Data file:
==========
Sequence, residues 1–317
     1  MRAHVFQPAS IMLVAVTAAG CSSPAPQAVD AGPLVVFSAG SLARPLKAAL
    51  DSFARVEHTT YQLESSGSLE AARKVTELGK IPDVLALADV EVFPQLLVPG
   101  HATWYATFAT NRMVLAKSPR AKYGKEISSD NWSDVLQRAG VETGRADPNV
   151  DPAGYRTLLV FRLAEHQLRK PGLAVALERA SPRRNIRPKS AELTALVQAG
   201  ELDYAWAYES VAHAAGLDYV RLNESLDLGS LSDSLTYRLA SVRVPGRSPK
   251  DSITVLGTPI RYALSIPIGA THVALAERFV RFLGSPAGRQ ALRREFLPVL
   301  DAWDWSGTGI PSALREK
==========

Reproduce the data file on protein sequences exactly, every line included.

Sequence, residues 1–317
     1  MRAHVFQPAS IMLVAVTAAG CSSPAPQAVD AGPLVVFSAG SLARPLKAAL
    51  DSFARVEHTT YQLESSGSLE AARKVTELGK IPDVLALADV EVFPQLLVPG
   101  HATWYATFAT NRMVLAKSPR AKYGKEISSD NWSDVLQRAG VETGRADPNV
   151  DPAGYRTLLV FRLAEHQLRK PGLAVALERA SPRRNIRPKS AELTALVQAG
   201  ELDYAWAYES VAHAAGLDYV RLNESLDLGS LSDSLTYRLA SVRVPGRSPK
   251  DSITVLGTPI RYALSIPIGA THVALAERFV RFLGSPAGRQ ALRREFLPVL
   301  DAWDWSGTGI PSALREK